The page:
The editors: 1986-2007

Seven people have guided Computerworld's editorial over its 1000 issues

Don Hill

November 1986 to April 1999

Where is he now?

Hill founded and edits the d-Brief website

Richard Wood

April 1999 to July 2000

Where is he now?

Wood is InternetNZ's communications and research officer

Anthony Doesburg

August 2000 to May 2004

Where is he now?

Doesburg freelances, including writing a technology column for The New Zealand Herald

Doug Casement (managing editor)

June 2004 to February 2005

Where is he now?

Casement manages analyst firm IDC's IT management programme

Matt Cooney

February 2005 to September 2005

Where is he now?

Cooney edits Idealog magazine in Auckland

Paul Brislen

September 2005 to December 2006

Where is he now?

Brislen is external communications manager for Vodafone New Zealand

Rob O'Neill

January 2007 to present

Editing Computerworld is a challenging job, as I've found over the last eight months. It is made extra hard by the fact it's a job that is never really finished — you just hit deadline and have to let it go. In the last few hours before those deadlines, stories are edited — sometimes several times — and proofed and headlines and intros polished. Sometimes you grab the chance to make one last phone call, do one last interview that might just lift a piece above the norm, that might deliver a little extra value to the readers.

It's a job that requires great awareness not just of what is happening in the industry, but of when it is happening and when it will become public knowledge. You also have to watch your competitors and try and anticipate whether they will have any given story and how they will treat it if they do.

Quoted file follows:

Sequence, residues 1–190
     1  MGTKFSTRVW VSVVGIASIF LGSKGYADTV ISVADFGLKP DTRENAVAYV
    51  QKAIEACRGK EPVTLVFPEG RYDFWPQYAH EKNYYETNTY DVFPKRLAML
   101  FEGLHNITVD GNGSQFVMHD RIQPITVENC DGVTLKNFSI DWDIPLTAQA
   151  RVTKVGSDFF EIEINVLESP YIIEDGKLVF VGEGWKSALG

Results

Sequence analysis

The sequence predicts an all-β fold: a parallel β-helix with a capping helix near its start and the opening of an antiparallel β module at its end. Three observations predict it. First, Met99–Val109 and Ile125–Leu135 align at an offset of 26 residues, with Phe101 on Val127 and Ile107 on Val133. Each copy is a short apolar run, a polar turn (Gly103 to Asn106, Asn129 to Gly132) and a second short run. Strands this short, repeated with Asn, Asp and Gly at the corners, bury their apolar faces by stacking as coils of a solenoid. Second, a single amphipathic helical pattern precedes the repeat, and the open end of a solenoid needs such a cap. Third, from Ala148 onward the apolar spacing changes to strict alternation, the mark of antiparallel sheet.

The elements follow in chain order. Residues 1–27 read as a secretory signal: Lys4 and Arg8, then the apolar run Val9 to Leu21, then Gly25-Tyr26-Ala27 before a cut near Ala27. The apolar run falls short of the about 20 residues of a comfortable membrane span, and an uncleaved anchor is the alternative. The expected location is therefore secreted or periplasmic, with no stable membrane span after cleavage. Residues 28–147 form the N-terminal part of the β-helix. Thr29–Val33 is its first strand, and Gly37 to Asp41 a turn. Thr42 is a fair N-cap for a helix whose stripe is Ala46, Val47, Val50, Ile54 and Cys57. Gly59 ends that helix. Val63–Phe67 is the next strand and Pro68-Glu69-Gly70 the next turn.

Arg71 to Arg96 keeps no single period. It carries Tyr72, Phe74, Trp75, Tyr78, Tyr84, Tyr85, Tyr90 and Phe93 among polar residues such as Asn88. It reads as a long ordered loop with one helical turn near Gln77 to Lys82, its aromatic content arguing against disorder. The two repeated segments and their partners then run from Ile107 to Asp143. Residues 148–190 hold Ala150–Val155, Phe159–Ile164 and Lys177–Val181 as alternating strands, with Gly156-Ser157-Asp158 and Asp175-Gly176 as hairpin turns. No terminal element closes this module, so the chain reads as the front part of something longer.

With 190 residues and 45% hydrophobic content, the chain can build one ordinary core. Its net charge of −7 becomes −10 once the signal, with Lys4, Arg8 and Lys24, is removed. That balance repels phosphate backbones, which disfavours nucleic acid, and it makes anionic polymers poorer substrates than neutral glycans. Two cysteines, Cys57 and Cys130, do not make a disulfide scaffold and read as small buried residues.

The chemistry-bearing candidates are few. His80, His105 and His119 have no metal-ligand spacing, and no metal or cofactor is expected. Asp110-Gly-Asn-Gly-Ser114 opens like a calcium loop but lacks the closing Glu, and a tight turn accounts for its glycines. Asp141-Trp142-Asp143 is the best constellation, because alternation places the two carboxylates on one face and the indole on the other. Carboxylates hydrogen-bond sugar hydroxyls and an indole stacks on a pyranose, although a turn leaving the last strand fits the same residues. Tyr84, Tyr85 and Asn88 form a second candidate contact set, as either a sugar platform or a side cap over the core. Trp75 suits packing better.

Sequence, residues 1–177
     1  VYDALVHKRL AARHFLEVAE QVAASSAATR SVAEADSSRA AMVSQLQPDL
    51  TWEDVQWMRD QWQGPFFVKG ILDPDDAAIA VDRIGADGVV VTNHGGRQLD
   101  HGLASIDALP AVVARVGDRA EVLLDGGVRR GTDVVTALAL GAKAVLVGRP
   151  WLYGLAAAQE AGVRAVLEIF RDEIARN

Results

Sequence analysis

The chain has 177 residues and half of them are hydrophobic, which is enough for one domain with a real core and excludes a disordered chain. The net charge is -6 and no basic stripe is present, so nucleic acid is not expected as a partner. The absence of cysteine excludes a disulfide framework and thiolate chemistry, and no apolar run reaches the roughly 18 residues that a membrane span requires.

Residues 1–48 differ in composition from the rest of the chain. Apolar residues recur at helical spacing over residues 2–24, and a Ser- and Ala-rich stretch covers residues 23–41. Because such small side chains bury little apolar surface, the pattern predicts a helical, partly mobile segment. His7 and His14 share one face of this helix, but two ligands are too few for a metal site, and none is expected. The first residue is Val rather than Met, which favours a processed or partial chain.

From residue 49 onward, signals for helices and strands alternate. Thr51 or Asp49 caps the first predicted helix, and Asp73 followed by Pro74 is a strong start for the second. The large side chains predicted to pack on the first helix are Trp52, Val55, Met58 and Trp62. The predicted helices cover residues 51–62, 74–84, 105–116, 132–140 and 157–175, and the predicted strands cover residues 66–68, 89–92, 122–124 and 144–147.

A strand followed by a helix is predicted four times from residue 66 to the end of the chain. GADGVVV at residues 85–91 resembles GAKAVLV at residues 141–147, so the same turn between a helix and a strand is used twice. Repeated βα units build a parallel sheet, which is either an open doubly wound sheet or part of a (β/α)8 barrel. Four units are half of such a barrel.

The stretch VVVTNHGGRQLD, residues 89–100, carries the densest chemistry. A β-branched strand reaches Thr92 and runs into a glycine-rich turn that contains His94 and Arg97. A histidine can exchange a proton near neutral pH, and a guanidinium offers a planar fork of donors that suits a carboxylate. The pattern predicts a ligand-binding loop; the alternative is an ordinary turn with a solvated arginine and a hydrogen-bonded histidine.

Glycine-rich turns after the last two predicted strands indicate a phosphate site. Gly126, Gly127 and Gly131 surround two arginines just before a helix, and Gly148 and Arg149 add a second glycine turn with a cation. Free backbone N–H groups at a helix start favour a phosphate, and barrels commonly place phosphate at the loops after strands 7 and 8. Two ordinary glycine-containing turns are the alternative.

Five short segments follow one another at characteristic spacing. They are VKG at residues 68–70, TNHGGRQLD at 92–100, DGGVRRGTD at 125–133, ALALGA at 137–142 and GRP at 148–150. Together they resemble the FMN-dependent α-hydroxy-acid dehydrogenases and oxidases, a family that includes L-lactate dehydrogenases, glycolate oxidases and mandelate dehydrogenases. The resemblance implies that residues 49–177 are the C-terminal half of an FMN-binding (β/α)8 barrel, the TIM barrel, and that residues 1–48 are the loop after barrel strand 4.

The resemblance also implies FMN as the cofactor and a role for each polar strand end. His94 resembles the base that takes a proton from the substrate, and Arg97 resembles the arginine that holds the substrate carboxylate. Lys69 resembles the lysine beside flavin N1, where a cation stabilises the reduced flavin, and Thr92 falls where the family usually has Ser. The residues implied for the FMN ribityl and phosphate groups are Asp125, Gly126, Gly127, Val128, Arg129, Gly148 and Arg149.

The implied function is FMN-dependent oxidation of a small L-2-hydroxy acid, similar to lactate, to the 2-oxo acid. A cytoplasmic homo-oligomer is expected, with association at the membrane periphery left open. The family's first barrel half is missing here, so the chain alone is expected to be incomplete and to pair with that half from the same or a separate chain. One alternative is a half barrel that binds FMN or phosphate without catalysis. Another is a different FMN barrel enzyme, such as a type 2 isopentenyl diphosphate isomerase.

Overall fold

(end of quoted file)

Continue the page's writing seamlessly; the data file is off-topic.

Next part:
Around the edges of all that production, you also have to try and get out and talk to people in the industry — to go to events and have coffees and generally get inside the round. It can get pretty intense, but I get the feeling that is true for a lot of jobs these days.

The most satisfying moment, even for us who are great believers in online media, is when the print version of Computerworld arrives in the office on a Friday. It's a weekly miracle: you start with nothing and end up with a tangible product that the team has created from scratch. That is simply unbeatable.

To me, weekly papers are a special thing. You are timely enough to break news and you have time enough to put that news into some form of context. for me, weekly is a sweet spot in publishing.

The web has added a different dimension to that, we can also act like a daily — in fact, we can beat the dailies. Over time it will add more in the form of multimedia. This year has seen Computerworld produce its first podcasts, for instance.

In many jobs it's hard to see the fruit of your work — but not in journalism. Of course, everyone else can see it too, and criticise it. In many respects that is what a publication is for, to be a talking point or to initiate a conversation.

This year we initiated important conversations. Specifically we broke the story of the new banking code of practice, which could have reduced consumer protections in the event of internet banking fraud. We chased that story and the code, with the help of The Dominion, all the way back to the drawing board for review.

We have broken a lot of other great stories this year and across the 21 years of Computerworld's existence. We will continue to do so, but that banking code story, written by founding Computerworld hand Stephen Bell, is one of the ones where we know we made a difference.

It's the kind of story that keeps you going, energised, week after week and deadline after deadline.

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